The treasure finally saw daylight in 2011 after metal detectorist Darren Webster heard a beep and dug his trowel 16 inches into the dirt. Upon unearthing the lead sheeted box, his first reaction was one of disappointment. Those feels soon turned to elation when he raised it to the surface and a handful of silver coins spilled out. The Silverdale Hoard, which includes 27 coins, 10 arm rings, two finger rings and 14 ingots, has been valued at over £100,000 and includes a coin bearing the name of a previously unknown Viking ruler. While credit must go to Darren for digging deep, kudos must also go to his wife, who bought him the detector as a gift. Best Christmas pressie ever.
Ringlemere in Kent is best known for its farmland and by ‘best known’ read ‘not very well known at all’. That all changed one morning in 2001 when Cliff Bradshaw literally struck gold, unearthing a Bronze Age cup with his metal detector. (It may have been the Bronze Age, but even back then us humans were mesmerised by all things shiny, and it doesn’t get much brighter than gold.) The British Museum went on to purchase Cliff’s cup for a cool £270,000.
The aureate cup didn’t always look like a crushed Coke can by the way – that’s thought to be the fault of the farmer’s plough that unwittingly brought it to the surface. You win some, you lose some.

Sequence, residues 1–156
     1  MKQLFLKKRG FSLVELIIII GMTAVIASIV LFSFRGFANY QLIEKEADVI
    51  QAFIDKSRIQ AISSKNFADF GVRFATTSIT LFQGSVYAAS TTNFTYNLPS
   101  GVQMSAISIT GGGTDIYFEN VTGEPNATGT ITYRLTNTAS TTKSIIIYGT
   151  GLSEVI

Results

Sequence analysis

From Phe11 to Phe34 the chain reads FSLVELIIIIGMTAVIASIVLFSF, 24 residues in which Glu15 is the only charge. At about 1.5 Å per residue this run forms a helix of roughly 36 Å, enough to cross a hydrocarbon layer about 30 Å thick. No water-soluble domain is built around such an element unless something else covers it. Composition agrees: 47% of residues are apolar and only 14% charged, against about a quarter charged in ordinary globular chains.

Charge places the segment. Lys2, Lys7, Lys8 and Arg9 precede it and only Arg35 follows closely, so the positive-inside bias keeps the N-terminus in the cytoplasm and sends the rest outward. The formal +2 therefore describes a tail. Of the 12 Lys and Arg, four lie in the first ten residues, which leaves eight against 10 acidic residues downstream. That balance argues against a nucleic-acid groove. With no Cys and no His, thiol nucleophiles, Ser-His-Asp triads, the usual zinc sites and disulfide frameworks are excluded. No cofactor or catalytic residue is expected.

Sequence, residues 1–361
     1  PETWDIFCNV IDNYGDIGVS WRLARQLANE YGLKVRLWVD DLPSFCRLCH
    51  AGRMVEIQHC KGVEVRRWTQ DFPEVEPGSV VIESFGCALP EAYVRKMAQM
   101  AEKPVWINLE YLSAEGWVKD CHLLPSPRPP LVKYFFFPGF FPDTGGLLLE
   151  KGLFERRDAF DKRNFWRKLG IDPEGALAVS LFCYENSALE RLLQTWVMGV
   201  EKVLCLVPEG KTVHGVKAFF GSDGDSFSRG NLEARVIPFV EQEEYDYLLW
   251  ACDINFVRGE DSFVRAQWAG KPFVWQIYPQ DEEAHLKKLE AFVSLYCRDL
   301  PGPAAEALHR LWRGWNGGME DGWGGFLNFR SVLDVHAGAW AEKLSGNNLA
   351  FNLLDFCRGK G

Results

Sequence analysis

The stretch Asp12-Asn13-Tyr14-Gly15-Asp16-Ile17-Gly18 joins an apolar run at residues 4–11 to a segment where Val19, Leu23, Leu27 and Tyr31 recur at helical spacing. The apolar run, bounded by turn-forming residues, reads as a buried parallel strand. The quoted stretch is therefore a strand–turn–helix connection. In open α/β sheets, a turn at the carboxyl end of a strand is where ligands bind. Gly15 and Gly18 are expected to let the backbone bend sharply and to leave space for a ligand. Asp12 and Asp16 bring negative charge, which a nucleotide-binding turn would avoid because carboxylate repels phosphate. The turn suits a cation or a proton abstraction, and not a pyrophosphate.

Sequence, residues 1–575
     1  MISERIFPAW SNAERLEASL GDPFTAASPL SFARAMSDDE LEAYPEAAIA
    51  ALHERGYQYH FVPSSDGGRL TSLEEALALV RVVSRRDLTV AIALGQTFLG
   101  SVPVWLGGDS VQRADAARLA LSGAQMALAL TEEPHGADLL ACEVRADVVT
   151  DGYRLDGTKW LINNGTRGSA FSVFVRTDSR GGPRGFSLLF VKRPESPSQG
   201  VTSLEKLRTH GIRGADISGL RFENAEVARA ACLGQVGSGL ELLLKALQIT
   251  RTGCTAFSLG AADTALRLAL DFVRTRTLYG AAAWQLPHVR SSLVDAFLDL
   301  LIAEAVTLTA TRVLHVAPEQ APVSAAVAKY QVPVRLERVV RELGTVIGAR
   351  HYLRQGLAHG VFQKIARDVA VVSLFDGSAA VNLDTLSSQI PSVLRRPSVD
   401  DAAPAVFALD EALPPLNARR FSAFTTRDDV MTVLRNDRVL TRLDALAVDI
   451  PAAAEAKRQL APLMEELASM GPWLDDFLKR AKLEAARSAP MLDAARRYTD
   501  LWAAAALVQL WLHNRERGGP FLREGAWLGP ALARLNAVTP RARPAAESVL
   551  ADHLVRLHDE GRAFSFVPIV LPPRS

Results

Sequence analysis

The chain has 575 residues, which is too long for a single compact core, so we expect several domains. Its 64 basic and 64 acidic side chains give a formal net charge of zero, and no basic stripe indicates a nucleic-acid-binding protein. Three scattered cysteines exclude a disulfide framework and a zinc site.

Dave Crisp is the most English-sounding man in all of England. He is also one of the luckiest. While metal detecting in Frome, Somerset in 2010, the hospital chef stumbled across the mother of all stashes: 52,000 Roman coins. The haul, which was concealed inside a huge rounded pot, amounted to 160kg. Show up at the bank with that weight in change and they’d tell you where to go. Dave Crisp was laughing all the way there however after the Museum of Somerset acquired his hoard for over £300,000.
Despite what this article may indicate, most treasure finds don’t amount to a hoard – it’s more likely to be a couple of coins at best. While most of us would be happy to discover an Edwardian belt buckle or Tudor brooch pin, the treasure finders on this list made off with the kitchen sink – if the kitchen sink were to be made of gold and precious stones.
The Staffordshire Hoard, which totals over 3,500 gold and silver items, is the largest Anglo-Saxon find ever made. In 2009, Terry Herbert hit the jackpot while metal detecting in a field near the village of Hammerwich. Total value of the 7th century stash? £3.2 million.